trauma, a post-traumatic stress disorder may arise.

This kind of trauma can affect people for the rest of their lifetime, unless its properly managed.
Sometimes, the effects of PTSD may only arise for several years after the actual trauma that
caused the disorders. If left untreated, it may lead to a wide range of crippling reactions, both at
physical and psychological levels.

If you have personally experienced or witnessed an event that directly threatened your life, or the
life of another person, you may develop PTSD.

You may have post-traumatic stress disorder if a) you personally experienced or witnessed an
event that was potentially life threatening or caused a serious injury (to yourself or someone else)
or b) you discovered that someone close to you experienced such an event.

7: Obsessive-Compulsive Disorder
This category of anxiousness can be particularly destructive, because its sufferers are more active
than any other type of anxiety disorder. If you have OCD, youre likely to frustrate and confuse
yourself regularly, as well as the people surrounding you.

Compulsions and Obsessions are somewhat similar things, but theres a crucial difference:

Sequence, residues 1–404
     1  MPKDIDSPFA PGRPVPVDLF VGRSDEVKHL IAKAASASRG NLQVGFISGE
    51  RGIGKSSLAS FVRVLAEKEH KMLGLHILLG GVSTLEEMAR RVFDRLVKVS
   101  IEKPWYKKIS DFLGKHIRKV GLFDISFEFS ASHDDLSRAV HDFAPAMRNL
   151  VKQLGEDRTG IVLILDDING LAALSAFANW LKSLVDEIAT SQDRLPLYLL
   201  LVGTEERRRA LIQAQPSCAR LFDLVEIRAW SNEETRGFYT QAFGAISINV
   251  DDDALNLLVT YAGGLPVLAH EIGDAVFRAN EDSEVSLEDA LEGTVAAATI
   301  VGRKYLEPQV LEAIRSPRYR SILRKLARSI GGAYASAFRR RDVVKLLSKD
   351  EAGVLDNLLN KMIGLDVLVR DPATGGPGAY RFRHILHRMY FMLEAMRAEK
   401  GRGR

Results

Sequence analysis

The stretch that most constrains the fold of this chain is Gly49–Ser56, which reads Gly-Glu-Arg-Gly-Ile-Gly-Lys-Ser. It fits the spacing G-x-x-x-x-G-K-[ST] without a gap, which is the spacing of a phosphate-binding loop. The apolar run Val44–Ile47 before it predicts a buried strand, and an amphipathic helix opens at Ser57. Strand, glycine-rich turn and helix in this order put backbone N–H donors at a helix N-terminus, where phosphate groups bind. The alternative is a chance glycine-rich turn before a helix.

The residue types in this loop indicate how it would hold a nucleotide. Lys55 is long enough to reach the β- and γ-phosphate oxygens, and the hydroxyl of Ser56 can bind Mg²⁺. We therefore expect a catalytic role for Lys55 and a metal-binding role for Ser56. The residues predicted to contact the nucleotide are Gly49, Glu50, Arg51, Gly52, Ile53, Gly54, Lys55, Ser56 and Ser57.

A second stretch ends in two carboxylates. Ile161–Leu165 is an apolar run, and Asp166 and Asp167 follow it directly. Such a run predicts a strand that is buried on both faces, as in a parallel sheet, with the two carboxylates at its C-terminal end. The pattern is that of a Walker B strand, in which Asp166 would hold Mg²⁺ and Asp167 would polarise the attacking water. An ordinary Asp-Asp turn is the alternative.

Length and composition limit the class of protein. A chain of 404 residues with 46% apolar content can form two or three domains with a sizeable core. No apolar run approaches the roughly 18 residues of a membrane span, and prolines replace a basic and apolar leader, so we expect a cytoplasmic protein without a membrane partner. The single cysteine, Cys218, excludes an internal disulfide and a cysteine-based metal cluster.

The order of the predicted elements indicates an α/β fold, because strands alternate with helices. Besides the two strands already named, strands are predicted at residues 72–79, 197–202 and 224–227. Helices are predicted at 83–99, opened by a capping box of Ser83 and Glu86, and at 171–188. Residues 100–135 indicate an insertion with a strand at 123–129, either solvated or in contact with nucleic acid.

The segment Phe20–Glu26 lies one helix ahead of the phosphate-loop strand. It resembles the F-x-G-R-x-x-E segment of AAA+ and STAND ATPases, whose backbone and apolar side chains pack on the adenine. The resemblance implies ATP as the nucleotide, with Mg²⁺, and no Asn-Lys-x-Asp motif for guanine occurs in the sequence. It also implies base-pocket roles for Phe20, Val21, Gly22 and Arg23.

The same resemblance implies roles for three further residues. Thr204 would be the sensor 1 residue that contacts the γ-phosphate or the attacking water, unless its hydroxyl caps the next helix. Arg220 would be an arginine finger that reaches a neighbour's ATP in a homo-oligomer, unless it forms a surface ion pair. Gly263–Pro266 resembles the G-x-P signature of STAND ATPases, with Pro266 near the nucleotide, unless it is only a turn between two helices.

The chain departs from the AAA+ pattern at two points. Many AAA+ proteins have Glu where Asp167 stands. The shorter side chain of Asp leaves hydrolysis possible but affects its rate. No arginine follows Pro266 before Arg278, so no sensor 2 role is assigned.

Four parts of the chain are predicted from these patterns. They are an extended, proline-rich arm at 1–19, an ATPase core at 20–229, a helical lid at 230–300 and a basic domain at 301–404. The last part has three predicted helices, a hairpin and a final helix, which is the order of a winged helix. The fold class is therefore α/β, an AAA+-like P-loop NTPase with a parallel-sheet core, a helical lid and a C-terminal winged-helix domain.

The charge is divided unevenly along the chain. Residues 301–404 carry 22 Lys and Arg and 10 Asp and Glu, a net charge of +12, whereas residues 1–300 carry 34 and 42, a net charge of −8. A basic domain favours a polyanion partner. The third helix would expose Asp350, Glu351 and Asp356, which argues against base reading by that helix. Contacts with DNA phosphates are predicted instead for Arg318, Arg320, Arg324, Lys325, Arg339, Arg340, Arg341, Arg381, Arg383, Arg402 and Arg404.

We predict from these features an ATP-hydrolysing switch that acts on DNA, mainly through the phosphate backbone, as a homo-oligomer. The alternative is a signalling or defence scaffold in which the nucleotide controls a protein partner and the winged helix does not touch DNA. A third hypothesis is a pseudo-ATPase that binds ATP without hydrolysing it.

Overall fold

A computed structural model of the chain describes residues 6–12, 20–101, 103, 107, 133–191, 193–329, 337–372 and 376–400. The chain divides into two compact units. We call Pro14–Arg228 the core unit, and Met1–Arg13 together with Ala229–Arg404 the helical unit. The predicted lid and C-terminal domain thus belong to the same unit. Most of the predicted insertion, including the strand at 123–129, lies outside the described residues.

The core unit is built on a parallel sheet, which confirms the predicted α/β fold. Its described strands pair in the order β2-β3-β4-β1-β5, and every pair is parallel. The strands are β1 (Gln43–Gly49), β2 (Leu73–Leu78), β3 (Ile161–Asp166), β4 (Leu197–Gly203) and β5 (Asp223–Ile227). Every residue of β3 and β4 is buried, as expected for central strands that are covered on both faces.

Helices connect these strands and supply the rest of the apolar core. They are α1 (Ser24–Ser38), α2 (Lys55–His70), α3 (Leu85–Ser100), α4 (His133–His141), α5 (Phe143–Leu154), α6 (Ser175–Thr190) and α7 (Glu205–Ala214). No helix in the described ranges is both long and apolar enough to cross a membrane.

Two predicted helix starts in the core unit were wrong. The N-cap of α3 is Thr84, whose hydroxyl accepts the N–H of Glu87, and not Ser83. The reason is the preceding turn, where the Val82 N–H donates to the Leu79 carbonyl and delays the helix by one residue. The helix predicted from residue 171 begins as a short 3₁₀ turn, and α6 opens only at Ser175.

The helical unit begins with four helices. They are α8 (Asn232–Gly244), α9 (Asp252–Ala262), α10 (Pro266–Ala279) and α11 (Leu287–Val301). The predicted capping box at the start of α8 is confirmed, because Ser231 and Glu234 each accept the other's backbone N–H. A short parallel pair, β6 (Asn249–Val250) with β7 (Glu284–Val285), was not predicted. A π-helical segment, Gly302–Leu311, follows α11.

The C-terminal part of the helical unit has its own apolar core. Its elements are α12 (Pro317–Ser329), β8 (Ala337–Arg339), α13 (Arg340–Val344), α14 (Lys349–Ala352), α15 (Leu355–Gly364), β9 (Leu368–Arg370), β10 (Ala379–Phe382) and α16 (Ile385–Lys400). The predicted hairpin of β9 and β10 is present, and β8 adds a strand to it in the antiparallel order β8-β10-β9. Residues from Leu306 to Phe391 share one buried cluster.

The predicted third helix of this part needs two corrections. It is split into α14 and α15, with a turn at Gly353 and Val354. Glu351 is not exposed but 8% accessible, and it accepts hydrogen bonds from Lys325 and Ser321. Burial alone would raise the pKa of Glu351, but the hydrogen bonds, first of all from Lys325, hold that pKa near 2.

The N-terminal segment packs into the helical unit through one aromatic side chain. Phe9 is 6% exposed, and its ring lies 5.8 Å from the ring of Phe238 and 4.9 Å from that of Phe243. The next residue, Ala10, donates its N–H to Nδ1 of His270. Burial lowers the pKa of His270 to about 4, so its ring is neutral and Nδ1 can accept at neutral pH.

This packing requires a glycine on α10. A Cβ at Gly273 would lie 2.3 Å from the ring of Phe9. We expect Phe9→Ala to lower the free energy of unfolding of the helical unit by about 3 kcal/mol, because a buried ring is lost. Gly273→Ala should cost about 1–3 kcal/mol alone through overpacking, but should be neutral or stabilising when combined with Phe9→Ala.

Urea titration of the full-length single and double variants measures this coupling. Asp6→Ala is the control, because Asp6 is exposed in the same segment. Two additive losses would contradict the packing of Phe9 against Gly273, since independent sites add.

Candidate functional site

obsessions relate with thoughts, while compulsions relate with actions. In both cases, they are
unwanted thoughts and actions which patients cant seem to get away from.

For example, you may be obsessive in your fear of germs, which may prompt you to
compulsively wash your hands every five minutes. You may have OCD if you have obsessions,
compulsions, or both.

Signs and symptoms of anxiety

Now that we understand what the definition of anxiety is, as well as risk factors of anxiety, lets
examine the signs and symptoms of anxiety. Common signs and symptoms of anxiety include:

Feelings of being powerless
Feelings of impeding danger
Increased heart rate
Hyperventilation (heavy breathing)
Weakness and fatigue
Lack of concentration and focus other than the cause of worry.

The signs and symptoms of anxiety also greatly affect the bodys systems. For example, anxiety
disorders can disrupt the digestive system, the cardiovascular system, respiratory response,
nervous system and immune system. All these major systems become affected when anxiety hits
which can lead to poorer health over time.